Okay, I have absolutely no idea why fried rice is something that’s intimidated me for so long, but now that I’ve tried it I will definitely be making it again. It depends a lot on having leftover rice (which I tend to make in quantity anyway) and veggies and stuff in the fridge. Also on having in one’s fridge that one key ingredient that at least for me sort of makes the difference between “I am pretending I’m cooking something sort of Asian” and cooking something that actually tastes sort of Asian. That ingredient is toasted sesame oil–a must-have. Fortunately, it keeps just about forever.
The rice has to be cold, and the pan has to be very hot, and you have to pretty much pay real attention for the entire 5-7 minutes or so it’s cooking.
Veggie Fried Rice (quick!)
- Chop up a little onion, celery, cabbage, carrots, zucchini, whatever.
- Saute on very high heat in as little olive oil as you can manage, in a fairly big pan, till just beginning to brown. The food needs room to move around, or it gets juicy and steamy.
- Sprinkle with a little garlic powder and/or ginger powder. Or, much better, add a little real minced or grated fresh garlic or ginger. (I would have just said that, except I promised you “quick.”)
- Remove veggies from pan. (It should be pretty dry at this point–not much, or any, juice floating around in there.)
- Into very hot pan, put a little toasted sesame oil
- Add about a cup of cooked cold brown rice. Stir around and saute until lightly browned. Put in a tbs. or so of soy sauce. Add veggies to pan, stir around a little more. (This would be the place to add any veggies you don’t want browned, like baby peas or something…
- Season with salt and pepper to taste.
- Optional–somewhere in the rice-stirring part, add just a little dollop of peanut butter and smoosh around till it’s melted and evenly distributed…or if you want to do it right, mix with the soy sauce and heat a bit so it mixes better. But the smooshing method works just fine. Serve with a little fresh lime juice squeezed on it–this gives it that sort of pad thai vibe.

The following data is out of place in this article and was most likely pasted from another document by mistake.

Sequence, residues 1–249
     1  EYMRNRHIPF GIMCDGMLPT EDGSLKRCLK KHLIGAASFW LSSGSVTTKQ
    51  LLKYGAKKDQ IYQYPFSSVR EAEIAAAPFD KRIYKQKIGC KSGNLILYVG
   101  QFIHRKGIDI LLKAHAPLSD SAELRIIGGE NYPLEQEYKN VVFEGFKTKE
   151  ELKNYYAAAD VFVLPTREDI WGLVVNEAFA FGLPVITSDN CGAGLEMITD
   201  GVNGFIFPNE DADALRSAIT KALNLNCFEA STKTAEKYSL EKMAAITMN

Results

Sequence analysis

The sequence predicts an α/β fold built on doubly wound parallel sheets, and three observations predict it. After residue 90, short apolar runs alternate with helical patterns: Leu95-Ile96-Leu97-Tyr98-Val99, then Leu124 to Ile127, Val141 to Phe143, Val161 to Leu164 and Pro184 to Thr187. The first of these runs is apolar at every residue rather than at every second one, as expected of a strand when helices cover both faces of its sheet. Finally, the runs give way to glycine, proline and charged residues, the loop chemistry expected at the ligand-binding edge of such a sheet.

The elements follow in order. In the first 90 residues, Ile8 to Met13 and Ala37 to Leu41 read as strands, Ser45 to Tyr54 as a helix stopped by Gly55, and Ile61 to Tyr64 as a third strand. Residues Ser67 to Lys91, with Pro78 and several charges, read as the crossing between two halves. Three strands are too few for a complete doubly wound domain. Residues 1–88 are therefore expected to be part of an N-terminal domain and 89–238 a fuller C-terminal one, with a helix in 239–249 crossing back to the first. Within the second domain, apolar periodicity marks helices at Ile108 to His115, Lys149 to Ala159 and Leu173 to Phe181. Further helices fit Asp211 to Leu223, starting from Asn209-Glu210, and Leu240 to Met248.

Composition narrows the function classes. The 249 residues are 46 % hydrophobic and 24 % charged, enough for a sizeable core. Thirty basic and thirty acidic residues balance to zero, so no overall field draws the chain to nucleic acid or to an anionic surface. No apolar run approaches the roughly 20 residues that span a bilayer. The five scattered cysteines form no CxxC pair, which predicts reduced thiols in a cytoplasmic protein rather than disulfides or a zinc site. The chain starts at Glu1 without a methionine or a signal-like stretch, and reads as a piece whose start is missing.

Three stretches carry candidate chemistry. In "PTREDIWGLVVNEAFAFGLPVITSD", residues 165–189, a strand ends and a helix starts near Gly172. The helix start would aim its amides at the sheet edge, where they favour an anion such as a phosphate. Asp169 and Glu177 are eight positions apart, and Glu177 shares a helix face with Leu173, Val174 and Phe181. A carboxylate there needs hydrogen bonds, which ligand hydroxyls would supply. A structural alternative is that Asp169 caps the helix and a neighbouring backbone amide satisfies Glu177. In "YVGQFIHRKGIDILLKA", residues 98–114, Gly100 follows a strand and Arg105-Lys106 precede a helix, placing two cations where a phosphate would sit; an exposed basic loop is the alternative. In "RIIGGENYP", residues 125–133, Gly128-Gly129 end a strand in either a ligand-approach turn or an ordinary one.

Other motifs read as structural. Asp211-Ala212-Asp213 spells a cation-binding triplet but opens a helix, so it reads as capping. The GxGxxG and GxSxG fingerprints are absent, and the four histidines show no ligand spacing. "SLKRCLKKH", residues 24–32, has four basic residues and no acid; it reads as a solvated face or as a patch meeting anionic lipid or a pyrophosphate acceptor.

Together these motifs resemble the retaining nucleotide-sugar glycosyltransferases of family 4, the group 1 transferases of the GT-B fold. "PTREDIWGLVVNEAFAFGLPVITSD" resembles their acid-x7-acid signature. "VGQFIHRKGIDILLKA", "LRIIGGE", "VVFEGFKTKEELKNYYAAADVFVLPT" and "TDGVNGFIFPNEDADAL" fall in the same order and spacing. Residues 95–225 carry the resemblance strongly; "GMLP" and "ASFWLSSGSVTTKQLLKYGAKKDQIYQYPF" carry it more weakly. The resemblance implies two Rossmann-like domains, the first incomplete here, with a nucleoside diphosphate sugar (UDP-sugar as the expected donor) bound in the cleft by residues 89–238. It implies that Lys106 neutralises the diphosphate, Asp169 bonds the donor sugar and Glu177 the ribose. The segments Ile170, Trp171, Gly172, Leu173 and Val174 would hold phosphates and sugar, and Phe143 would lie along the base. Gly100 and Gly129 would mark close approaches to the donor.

This is SERIOUSLY yummy and ridiculously quick. If you want a little more protein, you could scramble an egg in there somewhere between the veggie step and the rice step, and then put it all together at the end. And for those of us trying to cut calories without feeling deprived–remember that the higher the veggie-to-rice ratio, the more you can eat for the same number of calories!
Another of my favorite breakfast-on-the-go recipes–Baked Oatmeal.
I’m not sure really what to call it–it’s not a quick bread, it’s not a cookie, it’s not a muffin–there’s no flour, so its consistency is really just that of, well, oatmeal. Except cool and in bar or muffin form.
The basic original recipe I put up here a while ago; this time I varied it a bit to see if this would work. So:
Baked Oatmeal Recipe, Banana Variation
- 1.5 cups oatmeal
- 1/8 cup oat bran (optional)
- 1 tbs. brown sugar
- 1 mashed banana
- 1 egg
- 3/4 cup milk
- 1 teaspoon baking powder
- pinch salt
- Few shakes cinnamon, ginger, and/or nutmeg
- 1/2 tsp vanilla extract (opt)
- 1/2 cup (or more!) dried fruit, like cranberries, currants, raisins, blueberries, whatever (add last)
Spread in 8×8 greased baking dish. (or 9×9, because that’s what I have, it’s just a little thinner) or divide into 12 portions in a muffin tin. (They will be only about an inch thick.)